Dong Khanh is not a quiet place. I brought my kid and she alternately slept and complained throughout dinner; I didn't notice, between the distracting symphony of a restaurant in full swing and the arrival of the plates of food we'd ordered off the 123-item menu. Sometimes noise works like tea or wine with a meal, enhances the flavor, smoothes out potential jagged edges of faltering conversation. This particular evening, the noisiness of this busy and successful Vietnamese joint was a relief. I'd been pent up in my apartment with an eye infection, unable to read, squirting eye drops at my puffy, pussy eyes resembling two small pissholes in the snow. I was trying to cull some bit of character-building "What I Learned When I Couldn't See" essay out of the experience, but nothing was coming to me except for repeated paranoid proclamations about corneal lesions, glaucoma, and cataracts via the phone to my lover, mother, and anyone else who would listen.
Having functional vision wrested from me did bring about an aural meal. Snapping nearsightedly with my chopsticks, submitting to the fuzzy swirl of color and light, the auditory machinations of the place eased into the foreground of my senses. Dong Khanh filled me with its voice.
And then our food came. Plate by plate, an incredible range of texture and flavor appeared, starting with charbroiled pork skewers and egg rolls over rice vermicelli noodles (called "bun," $5), layering basil, sprouts, cucumbers. Standard Vietnamese fare, but lordy that pork, sweet and lemongrassy, perfect carnivorous beauty set against light, cool vegetables and noodles--such a superior idea and execution.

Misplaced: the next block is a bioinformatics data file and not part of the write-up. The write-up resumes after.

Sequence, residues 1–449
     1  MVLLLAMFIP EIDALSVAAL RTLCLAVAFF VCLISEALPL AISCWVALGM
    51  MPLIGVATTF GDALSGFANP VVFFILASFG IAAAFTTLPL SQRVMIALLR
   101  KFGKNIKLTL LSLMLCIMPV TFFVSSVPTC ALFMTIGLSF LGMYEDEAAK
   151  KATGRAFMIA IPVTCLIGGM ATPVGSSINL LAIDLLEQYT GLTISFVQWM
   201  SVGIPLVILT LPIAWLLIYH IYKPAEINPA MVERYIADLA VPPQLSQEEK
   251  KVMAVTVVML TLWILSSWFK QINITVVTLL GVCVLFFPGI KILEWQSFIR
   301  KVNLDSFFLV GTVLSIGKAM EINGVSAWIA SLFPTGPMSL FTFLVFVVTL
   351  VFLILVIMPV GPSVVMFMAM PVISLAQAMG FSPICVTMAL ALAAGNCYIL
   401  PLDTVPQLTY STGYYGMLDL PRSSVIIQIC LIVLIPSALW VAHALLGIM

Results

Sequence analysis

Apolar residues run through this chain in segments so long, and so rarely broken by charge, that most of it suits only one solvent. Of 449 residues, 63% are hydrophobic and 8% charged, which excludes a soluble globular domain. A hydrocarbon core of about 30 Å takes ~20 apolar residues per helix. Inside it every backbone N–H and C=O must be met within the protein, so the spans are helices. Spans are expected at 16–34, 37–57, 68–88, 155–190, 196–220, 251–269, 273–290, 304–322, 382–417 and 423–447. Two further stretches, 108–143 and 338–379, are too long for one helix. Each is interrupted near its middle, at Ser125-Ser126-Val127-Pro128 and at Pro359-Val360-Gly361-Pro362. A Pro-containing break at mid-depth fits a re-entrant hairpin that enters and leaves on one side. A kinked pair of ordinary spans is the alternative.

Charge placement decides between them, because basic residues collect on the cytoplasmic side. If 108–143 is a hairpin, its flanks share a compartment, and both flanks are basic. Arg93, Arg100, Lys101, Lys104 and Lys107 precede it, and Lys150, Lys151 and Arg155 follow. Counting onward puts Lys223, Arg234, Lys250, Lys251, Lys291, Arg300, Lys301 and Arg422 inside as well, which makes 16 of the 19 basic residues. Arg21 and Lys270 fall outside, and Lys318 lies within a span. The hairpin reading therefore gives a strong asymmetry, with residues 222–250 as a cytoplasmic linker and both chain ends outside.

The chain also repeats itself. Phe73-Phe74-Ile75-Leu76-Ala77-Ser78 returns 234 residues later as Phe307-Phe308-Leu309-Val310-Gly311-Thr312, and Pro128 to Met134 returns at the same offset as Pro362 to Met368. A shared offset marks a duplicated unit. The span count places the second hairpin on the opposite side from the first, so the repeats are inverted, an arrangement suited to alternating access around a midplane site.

Cold shrimp and pork with sweet, comfortingly chewy deep-fried jellyfish salad ($8.95) appeared next, heaped with spicy basil and cilantro, shredded green papaya, carrot, and cucumber, bound tenuously with a thin, fishy vinaigrette, a masterful warp and woof of culinary architecture for the tongue to climb around on (although at times the voluminous cilantro smacked back with a soapy tang). The vast Crab Meat and White Asparagus Soup ($8.50) followed, steaming and sweetly bland. I turned to the handy tray of condiments, which by sheer abundance gave me that all-you-can-eat salad bar feeling.
Then came the Frog Legs ($5.95). Served simply with sweet onions over rice in a spicy peanut coconut sauce, the 10 or so legs disappeared upon the plate's contact with our tabletop. This was my first taste of the heavily loaded delicacy that The Muppet Movie, a pivotal film in my youth, protests. Although Kermit's small green voice quavered out, "Why are there so many songs about rainbows?" as my teeth penetrated the amphibious muscle that flaked like crab or lobster meat but tasted light like chicken with a little butter, I managed to savor the little guys in my dim, sightless world.
Kermit the Frog is a puppet and Dong Khanh's frog legs are a genuine delight. While I jostled my baby around, trying to entertain her with the fish tank, the chef approached. His determined hand reached in and grabbed a fish, which vigorously splashed panic. I was close enough to see him bring the other hand up, spearing the fish with a grisly two-pronged fork on which it wriggled as he walked back to the kitchen. Life cycle, life cycle, I repeated to myself. The kid was impressed, and flapped her hands and crowed, "Whoo! Whoo!" like an owl on amphetamines. I do not care to use the two-pronged fork myself, but I will return for Dong Khanh's fish. Having deconstructed the layers of sound from underneath the pop music, I will hear the plop and swash of my dinner's death, and it will ring its Pavlovian bell of satisfied feeling--and I will wash down the white flesh and tiny bones with the full-bodied orchestral machinations swirling round my auditory passages.
Dong Khanh Restaurant
5300 Rainier Ave S, 722-5466. Open 8 am-10 pm every day. $$
Price Scale (per entrée)
$ = $10 and under; $$ = $10-$20; $$$ = $20 and up.